Hugh booty! Papers reveal RSPCA to get $5.7m in gift of great Wirth


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Dr Walker said Dr Wirth gave almost 50 years of service to RSPCA Victoria as a director, president and patron.

‘‘He was one of a kind – forthright, passionate and incredibly knowledgeable – and he dedicated his life to animal welfare,’’ she said.

Dr Wirth was RSPCA Victoria president for 43 years and also ran a Balwyn veterinary surgery for 47 years.

He served on the board of the World Society for the Protection of Animals for more than two decades and was a regular on radio petcare segments for more than 30 years

Dr Wirth, who was not married and had no children, left assets of three houses worth a combined $4.5 million, and $2.5 million in diverse cash, shares and managed fund investments.

One of the houses, in Balwyn, which the will values at $1.58 million, is the home of his sister Rose Pollock.

Dr Wirth was a well-loved voice on talkback radio.

Dr Wirth was a well-loved voice on talkback radio.Credit:John Woudstra

The will, probate for which was granted in the Supreme Court of Victoria on December 12, states that Ms Pollock can stay in the house until her death.

Dr Wirth also gives $350,000 each to Ms Pollock, to his niece Emma Keeler and to his nephew Hugh Pollock.

He gives $100,000 to World Animal Protection Limited based in St Leonards, NSW, and $10,000 to RSPCA Australia based in Canberra.

The will also gives $25,000 each to: the Xavier College Foundation in Kew; to the St Leo’s College Foundation within the University of Queensland; to the University of Melbourne faculty of veterinary science; and to the Order of Saint John of Jerusalem, Knights Hospitalier, a service for the sick and poor, in Geelong.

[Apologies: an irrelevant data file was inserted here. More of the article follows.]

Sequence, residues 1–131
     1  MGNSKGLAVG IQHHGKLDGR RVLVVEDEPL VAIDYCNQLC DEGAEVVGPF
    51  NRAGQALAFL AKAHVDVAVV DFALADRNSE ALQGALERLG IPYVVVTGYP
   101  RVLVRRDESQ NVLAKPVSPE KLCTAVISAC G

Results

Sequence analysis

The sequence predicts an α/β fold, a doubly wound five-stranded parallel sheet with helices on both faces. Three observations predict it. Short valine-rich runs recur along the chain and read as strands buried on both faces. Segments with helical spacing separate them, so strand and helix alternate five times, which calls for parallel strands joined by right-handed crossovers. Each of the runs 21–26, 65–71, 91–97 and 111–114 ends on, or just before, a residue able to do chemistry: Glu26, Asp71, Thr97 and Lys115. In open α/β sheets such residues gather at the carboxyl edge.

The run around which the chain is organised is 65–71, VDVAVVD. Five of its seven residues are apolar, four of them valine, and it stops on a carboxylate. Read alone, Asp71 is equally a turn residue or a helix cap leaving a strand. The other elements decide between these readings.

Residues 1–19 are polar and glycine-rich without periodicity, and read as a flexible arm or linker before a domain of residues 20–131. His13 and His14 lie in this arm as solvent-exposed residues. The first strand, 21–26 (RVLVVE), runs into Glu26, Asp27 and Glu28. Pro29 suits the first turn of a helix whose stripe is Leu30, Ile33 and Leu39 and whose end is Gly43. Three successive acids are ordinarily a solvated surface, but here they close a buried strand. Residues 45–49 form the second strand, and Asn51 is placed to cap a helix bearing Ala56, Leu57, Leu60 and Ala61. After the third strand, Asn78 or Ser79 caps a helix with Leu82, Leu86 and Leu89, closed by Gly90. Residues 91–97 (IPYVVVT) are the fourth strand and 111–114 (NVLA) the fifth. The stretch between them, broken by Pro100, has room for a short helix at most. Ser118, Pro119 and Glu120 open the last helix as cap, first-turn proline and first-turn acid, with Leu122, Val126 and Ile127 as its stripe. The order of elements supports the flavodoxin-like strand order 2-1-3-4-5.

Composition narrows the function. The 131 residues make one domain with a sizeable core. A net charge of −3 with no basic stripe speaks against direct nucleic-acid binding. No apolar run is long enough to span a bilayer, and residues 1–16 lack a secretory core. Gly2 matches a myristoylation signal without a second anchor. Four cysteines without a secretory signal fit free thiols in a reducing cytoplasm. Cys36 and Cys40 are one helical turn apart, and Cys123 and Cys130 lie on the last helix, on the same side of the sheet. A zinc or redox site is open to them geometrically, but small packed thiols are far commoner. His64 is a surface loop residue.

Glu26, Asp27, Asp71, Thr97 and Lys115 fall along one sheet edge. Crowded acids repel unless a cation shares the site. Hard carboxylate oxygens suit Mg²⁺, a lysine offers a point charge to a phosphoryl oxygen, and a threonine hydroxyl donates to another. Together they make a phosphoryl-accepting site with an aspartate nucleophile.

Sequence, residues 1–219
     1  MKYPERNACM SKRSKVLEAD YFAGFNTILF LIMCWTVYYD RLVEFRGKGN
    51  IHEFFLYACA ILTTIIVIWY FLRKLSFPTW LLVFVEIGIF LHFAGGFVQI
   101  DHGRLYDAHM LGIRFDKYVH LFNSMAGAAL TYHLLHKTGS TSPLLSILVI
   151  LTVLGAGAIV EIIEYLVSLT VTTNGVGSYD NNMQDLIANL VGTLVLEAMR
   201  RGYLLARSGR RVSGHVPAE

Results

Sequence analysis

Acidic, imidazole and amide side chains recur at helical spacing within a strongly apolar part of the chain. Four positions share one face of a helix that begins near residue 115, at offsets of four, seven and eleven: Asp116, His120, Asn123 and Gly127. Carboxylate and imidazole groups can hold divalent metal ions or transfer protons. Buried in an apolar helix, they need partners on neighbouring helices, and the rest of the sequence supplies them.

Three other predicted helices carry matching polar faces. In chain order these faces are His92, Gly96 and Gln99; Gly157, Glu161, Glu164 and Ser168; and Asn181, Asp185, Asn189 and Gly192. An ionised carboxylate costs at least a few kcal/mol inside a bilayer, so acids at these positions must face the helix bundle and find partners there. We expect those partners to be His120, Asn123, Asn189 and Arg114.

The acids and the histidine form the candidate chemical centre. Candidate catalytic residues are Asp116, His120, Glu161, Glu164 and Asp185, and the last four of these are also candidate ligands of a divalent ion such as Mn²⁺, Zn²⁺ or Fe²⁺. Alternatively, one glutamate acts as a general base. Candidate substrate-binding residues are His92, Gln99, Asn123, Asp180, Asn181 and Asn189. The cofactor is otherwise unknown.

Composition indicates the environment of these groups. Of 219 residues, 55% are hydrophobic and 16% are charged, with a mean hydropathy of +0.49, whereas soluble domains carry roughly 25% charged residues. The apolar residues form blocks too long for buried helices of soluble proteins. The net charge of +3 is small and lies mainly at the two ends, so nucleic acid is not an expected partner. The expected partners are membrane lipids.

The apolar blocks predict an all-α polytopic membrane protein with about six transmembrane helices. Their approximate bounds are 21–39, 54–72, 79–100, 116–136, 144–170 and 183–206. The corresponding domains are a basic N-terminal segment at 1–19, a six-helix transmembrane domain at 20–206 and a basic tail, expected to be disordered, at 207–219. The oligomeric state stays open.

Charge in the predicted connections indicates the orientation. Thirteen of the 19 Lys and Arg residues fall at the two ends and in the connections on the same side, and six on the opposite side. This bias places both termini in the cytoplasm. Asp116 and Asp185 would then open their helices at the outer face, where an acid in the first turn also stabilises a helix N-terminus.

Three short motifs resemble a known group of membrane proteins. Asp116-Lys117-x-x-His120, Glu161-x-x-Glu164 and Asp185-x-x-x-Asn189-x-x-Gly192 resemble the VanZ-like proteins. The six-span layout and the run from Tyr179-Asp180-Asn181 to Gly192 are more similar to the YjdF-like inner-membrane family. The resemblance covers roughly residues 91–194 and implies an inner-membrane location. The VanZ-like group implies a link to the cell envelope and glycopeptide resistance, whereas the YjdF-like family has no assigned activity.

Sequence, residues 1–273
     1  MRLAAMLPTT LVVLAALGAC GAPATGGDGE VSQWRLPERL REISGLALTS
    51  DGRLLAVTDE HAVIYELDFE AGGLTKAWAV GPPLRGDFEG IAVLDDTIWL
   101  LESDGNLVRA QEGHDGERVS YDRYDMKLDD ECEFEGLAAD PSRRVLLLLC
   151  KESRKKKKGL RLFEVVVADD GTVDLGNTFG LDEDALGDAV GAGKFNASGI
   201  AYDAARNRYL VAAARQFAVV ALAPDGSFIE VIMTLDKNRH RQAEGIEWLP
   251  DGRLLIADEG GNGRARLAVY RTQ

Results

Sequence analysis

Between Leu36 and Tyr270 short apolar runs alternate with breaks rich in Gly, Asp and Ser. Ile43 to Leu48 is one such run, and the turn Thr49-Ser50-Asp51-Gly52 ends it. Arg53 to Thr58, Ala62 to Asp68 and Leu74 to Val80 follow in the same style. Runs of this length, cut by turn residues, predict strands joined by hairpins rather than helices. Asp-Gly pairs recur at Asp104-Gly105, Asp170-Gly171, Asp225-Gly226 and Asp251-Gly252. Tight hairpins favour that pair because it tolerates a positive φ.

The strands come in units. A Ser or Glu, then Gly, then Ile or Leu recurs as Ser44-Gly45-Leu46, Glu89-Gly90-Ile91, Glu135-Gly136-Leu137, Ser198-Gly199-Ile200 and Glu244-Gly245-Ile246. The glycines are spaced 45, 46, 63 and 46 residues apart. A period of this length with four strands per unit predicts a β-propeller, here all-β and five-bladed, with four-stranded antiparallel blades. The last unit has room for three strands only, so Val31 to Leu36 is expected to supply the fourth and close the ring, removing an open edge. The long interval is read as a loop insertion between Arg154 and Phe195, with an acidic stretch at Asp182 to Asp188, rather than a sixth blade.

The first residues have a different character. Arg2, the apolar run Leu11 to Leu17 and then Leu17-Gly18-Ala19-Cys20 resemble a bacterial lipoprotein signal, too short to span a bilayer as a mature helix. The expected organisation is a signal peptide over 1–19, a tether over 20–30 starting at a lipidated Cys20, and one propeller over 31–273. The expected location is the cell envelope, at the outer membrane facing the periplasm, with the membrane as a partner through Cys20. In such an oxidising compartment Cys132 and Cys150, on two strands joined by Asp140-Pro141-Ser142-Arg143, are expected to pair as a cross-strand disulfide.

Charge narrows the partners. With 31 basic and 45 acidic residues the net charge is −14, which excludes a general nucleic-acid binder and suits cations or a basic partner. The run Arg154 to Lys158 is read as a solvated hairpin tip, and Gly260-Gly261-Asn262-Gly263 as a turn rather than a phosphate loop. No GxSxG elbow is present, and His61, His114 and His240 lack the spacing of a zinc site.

Hugh Wirth as a schoolboy at Xavier with his red setter.

Hugh Wirth as a schoolboy at Xavier with his red setter.

The rest of Dr Wirth’s estate – valued at about $5.7 million – goes to RSPCA Victoria .

In the will, Dr Wirth states that he has made no provisions for his brothers, David James Wirth, and Paul Francis Wirth.

He also states that he has made no further provision for family members ‘‘on the grounds that they have no need to benefit from my estate, whereas my nominated residuary beneficiary [the RSPCA] does have need of financial support’’.

The will is in keeping with Dr Wirth’s direct, dry, to-the point manner.

The one sentimental aspect of the will is the statement: ‘‘I give my wooden flagpole made by my maternal great-grandfather to my nephew Hugh Andrew Pollock.’’

Members of the public who who wish to attend the February 5 service at RSPCA Victoria in Burwood East can phone 9224 2222 to register their interest.

Carolyn Webb is a reporter for The Age.

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